Introduction: Two weeks ago we discussed the Israeli slave girl in
Naaman’s home. What an amazing missionary adventure she started!
This week we look at more captives, this time from Jerusalem. Their
lives are turned upside down. But, instead of blaming God, they
decide to be faithful, and they change the world. Let’s dive into our
Bible study and learn more!

  1. The Start of the Problem

    1. Read Isaiah 39:3-4. Why did King Hezekiah show these
      visitors his treasures?

    2. Read Isaiah 39:5-7. Is this prophecy a punishment for sin?
      (Read 2 Chronicles 32:25-26. This reveals Hezekiah’s sin
      was pride. The destruction that came upon his people after
      he died was punishment for his sin of pride.)

    3. Read Isaiah 39:8. What do you think of this response?
      What do you think about the nature of the punishment? (All
      of this is troubling. Hezekiah does not seem to care that
      he is injuring his descendants. Why would God punish
      someone who is not responsible for Hezekiah’s sin? The
      answer is that we have read just one part of the story.
      The promised destruction did not come for 150 years, and
      Hezekiah’s descendants did plenty of things to deserve

    4. Read Daniel 1:1-2. How does this look to anyone who is
      trying to figure out who is the true God? (The articles of
      worship of the true God are taken to the temple of the god
      of Babylonia. It looks like our God lost.)

    5. Read Daniel 1:3-5. What do you think is the Babylonian’s
      goal in this? How would you feel if you were one selected
      for this special program?

  2. Witness with Food

    1. Read Daniel 1:6-8. No doubt this is the best tasting food.
      What is Daniel’s objection? (Eating this food created
      conflicts with the law dealing with unclean meat, meat
      that had not been drained, and meat and drink offered to
      false gods. See, for example, Leviticus 7 & 11. “Defile”
      tells us this is about Daniel’s religious beliefs.)

    2. Read Daniel 1:11-14. Why vegetables and water?

    3. Read Daniel 10:2-3. This tells us that later in life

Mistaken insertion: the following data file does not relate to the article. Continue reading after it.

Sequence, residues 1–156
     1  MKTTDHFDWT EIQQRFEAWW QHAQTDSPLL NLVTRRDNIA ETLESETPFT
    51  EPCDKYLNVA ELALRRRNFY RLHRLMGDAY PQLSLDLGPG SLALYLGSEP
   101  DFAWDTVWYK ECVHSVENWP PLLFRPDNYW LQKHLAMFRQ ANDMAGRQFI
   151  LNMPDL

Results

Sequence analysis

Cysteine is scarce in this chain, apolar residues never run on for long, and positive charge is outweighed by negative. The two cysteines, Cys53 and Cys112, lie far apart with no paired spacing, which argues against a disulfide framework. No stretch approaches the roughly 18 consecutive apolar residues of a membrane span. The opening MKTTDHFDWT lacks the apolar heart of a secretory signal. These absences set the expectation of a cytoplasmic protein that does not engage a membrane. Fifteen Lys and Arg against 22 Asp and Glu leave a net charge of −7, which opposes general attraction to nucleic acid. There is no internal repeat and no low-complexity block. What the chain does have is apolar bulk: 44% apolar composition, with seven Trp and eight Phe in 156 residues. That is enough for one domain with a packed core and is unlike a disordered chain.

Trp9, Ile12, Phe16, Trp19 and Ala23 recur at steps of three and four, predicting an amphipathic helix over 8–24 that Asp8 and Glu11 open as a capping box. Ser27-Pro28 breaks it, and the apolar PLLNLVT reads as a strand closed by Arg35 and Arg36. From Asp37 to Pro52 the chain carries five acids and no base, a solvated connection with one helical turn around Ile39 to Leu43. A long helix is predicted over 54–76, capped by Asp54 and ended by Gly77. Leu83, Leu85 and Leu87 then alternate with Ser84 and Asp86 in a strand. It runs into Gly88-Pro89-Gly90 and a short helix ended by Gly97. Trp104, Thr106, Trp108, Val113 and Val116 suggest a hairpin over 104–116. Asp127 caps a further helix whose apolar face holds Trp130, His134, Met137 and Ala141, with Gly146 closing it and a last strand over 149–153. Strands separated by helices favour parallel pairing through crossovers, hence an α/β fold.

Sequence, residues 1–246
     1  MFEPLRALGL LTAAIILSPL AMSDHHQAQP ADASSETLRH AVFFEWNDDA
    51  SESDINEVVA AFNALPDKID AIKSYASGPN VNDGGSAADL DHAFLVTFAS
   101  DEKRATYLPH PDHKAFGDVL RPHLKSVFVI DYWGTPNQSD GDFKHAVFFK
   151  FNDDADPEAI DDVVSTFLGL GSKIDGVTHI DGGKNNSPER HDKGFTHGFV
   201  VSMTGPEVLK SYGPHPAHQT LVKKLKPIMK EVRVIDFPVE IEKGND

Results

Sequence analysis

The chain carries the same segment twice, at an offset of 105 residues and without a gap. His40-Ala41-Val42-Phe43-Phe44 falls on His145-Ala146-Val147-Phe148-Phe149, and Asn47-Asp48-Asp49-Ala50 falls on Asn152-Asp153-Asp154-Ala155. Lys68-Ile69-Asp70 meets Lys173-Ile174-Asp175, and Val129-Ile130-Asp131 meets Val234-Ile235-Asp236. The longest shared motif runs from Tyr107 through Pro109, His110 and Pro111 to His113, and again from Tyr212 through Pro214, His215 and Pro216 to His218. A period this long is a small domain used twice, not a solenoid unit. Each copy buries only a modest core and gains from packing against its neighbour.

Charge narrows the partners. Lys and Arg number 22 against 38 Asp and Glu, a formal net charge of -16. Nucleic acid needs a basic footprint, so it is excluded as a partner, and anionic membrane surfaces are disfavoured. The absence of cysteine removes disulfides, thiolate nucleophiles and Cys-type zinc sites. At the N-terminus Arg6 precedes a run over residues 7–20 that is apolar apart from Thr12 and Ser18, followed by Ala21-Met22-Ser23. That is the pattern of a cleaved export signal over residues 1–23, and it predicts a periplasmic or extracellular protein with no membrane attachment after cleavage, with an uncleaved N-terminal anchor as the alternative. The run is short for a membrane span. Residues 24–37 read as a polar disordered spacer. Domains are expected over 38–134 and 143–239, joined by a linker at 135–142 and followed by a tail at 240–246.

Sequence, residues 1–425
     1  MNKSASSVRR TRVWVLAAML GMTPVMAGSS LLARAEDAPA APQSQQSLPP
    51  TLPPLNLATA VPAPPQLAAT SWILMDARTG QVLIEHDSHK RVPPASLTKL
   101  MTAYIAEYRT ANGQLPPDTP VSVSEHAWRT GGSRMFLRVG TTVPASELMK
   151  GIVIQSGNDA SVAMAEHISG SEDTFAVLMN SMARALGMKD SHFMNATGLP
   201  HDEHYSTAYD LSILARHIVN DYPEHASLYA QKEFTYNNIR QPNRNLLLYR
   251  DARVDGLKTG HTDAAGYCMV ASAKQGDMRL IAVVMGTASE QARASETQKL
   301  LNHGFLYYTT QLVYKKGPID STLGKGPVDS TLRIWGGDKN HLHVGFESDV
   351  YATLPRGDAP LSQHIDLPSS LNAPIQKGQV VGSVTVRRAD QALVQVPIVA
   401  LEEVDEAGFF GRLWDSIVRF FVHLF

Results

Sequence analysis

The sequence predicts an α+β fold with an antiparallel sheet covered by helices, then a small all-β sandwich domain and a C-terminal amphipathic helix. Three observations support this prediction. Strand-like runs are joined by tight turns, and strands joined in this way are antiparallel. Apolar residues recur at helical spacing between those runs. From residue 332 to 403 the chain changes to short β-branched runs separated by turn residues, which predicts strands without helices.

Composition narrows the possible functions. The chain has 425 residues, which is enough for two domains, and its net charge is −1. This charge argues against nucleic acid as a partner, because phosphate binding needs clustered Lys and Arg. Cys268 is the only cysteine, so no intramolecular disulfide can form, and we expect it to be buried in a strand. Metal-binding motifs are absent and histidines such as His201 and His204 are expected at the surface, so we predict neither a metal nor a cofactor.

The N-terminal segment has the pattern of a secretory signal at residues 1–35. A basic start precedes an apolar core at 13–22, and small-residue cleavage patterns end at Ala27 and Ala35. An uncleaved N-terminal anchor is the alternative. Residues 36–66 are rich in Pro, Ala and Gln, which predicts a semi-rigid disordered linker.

Daniel ate “choice food” which included meat and wine. Did
      Daniel become less faithful in his old age?(No. The reason
      for Daniel engaging in a three week “fast” later in life
      is that God gave him some very important and troubling
      messages. Later in life Daniel became an important man. No
      doubt he could now control the way his food was prepared
      so that it conformed to God’s word.)

    4. Read Daniel 1:9-10 and Daniel 1:15-16. Is this the result
      of a vegetarian diet? (I’ve been a vegetarian for over
      fifty years and I believe I’m healthier than most. But, a
      change in ten days has to be the result of the
      intervention of God.)

      1. What about the other captives? What have they decided
        on this issue?

    5. Read Daniel 1:17. What is the result of the faithfulness
      of Daniel and his friends? (God blesses them!)

    6. Read Daniel 1:18-20. This is the close of some sort of
      probation period. While many would be blaming God for
      their captivity, what is the result of faithfulness? Is
      ten times better possible for you?

      1. What is the impact on their captors? (They realize
        that there is something different about these young

  3. Witness with Dreams

    1. Read Daniel 2:1-5. How would you like Nebuchadnezzar as
      your boss?

      1. Is he really ornery, or do you think there is more to
        this story? (Read Daniel 2:9. The king thought that
        if they could recite the dream he could have
        confidence in their interpretation. Remember that
        Daniel 1:20 informed us that the new recruits, Daniel
        and his friends, were “ten times better” than the
        existing magicians and enchanters. Perhaps the
        enchanters are not so enchanting anymore.)

    2. Read Daniel 2:10-12. Do you think these enchanters claimed
      in the past to speak for the gods?